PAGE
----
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Eliminating the 'homework gap' means more than ramping up digital access

Eliminating the 'homework gap' means more than ramping up digital access
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In less than a year of remote schooling, our students fell six months behind where they should be. For students of color and those in low-income households, the deficit is even greater. Much of the problem is caused by the “homework gap” — our failure to help tens of millions of students effectively learn and do homework online. 

Congress has responded to the homework gap by focusing on broadband access, which is commendable but insufficient. 

To learn, students also need ready access to a laptop during class and homework hours. They must understand how to use the computer and the online resources available, have caregivers ready to mentor and engage, attend a school offering a curriculum that effectively leverages online resources and have teachers who know how to use it well. If students lack access to just one of these resources, they will fall behind. 

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COVID-19 didn’t create the homework gap and the problem won’t go away simply by reopening schools. Students without a laptop, broadband and digital skills will continue to struggle at school next year. 

To close the homework gap, we must address the underlying conditions that create it simultaneously. This comprehensive approach will require significant investment and coordination, but doing nothing costs more. America’s learning loss isn’t just a problem for the students and schools — it is a looming problem for U.S. businesses that could cost the U.S. economy $14 billion to $28 billion.

We’re more likely to succeed if we partner local schools and community service organizations with business leaders, each well-positioned to provide the expertise we need now. Comcast’s Internet Essentials program, as one example, has delivered low-cost broadband to eight million Americans. But when you talk to Comcast executives, they focus on how much the program depends on partnerships with local school districts (which identify families who need broadband and help them sign up), local Boys & Girls Clubs (which operate “Lift Zones” that train students and their families to access classes and homework apps), and groups like Coded by Kids and Inner-City Arts (which help make online learning relevant and fun).  

With the right mix of hardware, broadband, curriculum and training, students from low-income families can get access to homework support and resources that affluent students already take for granted. And building this new digital learning infrastructure will also make it easier for us to modernize our curriculum to better prepare graduates for the future of work. By 2030, workplace demand for technological skills will increase by 60 percent — and 85 percent of the jobs that today’s learners will be doing in 2030 don’t exist yet. As we help students catch up, we can help them get ahead.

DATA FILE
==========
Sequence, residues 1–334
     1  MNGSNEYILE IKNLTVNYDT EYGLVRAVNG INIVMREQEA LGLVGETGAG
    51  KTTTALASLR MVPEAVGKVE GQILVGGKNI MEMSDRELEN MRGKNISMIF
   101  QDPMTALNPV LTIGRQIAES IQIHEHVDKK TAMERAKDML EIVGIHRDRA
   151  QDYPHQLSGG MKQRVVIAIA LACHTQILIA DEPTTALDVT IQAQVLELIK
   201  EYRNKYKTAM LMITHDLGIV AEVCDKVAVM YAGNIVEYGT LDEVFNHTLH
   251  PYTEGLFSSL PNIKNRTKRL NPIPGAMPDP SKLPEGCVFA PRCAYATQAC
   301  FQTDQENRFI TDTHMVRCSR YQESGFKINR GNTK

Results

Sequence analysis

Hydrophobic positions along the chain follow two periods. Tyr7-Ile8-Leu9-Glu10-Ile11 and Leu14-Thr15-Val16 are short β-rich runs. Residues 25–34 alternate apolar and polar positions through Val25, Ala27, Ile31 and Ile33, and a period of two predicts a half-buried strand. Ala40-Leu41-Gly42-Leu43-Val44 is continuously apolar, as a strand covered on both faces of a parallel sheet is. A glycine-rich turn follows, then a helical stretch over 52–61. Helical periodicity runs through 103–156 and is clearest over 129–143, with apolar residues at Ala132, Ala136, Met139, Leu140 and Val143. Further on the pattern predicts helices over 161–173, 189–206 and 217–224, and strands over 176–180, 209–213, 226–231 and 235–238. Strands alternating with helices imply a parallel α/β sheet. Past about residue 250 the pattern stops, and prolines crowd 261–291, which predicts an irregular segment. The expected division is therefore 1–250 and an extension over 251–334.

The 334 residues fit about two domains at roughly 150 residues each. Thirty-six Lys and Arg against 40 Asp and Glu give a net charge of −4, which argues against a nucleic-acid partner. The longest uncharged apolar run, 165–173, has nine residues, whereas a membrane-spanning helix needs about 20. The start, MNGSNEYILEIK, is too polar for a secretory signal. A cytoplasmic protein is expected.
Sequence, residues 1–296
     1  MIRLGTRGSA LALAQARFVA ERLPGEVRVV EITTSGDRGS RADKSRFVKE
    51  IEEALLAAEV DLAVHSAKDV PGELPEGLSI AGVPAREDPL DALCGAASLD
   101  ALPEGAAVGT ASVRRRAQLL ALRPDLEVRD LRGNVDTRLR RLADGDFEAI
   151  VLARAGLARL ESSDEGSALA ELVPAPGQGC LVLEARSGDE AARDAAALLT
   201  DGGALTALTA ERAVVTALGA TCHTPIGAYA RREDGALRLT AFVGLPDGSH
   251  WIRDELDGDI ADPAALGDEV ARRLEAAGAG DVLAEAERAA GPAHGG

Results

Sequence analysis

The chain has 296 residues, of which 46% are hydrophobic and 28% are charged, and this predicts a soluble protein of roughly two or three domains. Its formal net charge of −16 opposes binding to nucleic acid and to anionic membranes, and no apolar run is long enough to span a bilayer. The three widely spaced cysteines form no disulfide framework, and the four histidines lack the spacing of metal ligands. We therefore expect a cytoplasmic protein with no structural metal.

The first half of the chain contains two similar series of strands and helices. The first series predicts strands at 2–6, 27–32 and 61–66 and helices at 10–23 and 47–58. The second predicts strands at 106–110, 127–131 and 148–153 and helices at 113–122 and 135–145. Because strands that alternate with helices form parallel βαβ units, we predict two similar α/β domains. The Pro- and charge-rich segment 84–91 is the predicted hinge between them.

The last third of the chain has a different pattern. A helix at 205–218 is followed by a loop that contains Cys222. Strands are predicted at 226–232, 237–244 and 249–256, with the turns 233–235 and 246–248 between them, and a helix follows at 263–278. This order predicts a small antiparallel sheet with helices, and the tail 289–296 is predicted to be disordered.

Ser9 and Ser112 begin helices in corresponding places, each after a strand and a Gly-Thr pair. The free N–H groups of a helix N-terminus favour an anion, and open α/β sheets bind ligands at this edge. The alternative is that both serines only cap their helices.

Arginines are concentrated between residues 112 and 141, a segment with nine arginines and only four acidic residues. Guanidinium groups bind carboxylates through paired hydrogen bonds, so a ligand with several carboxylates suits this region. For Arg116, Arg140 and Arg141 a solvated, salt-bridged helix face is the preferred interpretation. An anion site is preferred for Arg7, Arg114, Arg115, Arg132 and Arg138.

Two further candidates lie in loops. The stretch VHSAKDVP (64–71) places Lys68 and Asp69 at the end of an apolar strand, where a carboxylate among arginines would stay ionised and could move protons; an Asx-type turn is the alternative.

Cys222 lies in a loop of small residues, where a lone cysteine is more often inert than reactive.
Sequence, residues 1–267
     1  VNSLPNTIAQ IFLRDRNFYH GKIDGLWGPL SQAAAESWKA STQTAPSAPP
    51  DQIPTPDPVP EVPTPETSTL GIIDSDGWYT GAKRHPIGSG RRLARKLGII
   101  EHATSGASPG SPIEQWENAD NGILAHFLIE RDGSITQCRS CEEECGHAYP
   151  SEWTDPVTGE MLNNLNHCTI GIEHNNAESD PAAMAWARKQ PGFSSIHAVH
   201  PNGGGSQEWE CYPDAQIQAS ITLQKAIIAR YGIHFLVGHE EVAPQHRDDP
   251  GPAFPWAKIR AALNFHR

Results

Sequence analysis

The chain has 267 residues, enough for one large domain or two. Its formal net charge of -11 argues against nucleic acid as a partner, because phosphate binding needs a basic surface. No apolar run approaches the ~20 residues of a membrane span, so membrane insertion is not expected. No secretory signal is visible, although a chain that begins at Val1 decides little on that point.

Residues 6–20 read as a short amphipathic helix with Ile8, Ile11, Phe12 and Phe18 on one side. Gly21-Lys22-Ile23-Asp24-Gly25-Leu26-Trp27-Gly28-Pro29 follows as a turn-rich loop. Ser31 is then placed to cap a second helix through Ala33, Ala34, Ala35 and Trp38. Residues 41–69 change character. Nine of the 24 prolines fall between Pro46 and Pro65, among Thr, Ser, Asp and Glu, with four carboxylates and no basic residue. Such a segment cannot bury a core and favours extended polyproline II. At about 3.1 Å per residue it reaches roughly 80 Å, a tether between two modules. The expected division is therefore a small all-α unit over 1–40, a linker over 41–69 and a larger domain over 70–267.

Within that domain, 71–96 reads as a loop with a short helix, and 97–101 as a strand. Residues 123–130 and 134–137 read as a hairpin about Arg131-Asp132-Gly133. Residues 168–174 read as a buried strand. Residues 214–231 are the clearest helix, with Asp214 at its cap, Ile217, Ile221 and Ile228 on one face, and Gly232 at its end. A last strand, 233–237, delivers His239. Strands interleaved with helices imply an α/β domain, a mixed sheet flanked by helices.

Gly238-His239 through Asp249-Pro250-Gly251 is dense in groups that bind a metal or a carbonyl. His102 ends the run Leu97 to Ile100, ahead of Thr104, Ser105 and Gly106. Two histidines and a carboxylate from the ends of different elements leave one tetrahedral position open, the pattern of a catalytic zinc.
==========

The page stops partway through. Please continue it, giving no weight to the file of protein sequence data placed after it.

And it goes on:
Going big on the homework gap could be one of the most compelling “build back better” opportunities the White House faces. We need to do more than simply stabilize our education system — we need to make long-term investments to ensure it produces the diverse inventors, entrepreneurs and employees who will power our economy over the next generation.  

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The American Rescue Plan’s $350 billion for state and local governments and $130 billion for schools offer an unprecedented opportunity to get started.  Building on the progress of the Emergency Broadband Benefit program passed in December — a new initiative that gives low-income families a subsidy of up to $50 per month for broadband — the American Rescue Plan will help cities and schools fund broadband connections and devices for students in need, modernize and scale digital literacy education and bring curricula into the 21st century in a way that stimulates students’ curiosity and sense of wonder at the possibilities that can be explored online. 

Now, states and cities need to make sure American Rescue Plan funds help the communities with the greatest need. After the 2009 stimulus program, far too many broadband dollars intended for unserved communities were diverted into wasteful projects in areas where high-speed service was already accessible. We need to learn from those mistakes and insist on better safeguards and oversight this time around.

As a nation, our failure on distance education was big. Our thinking on how to make up this lost ground must be even bigger — and it starts with closing the homework gap for good. We owe our kids nothing less.

Jim Doyle is president of Business Forward, a nationwide network of more than 100,000 civic-minded entrepreneurs, investors, small business owners and executives.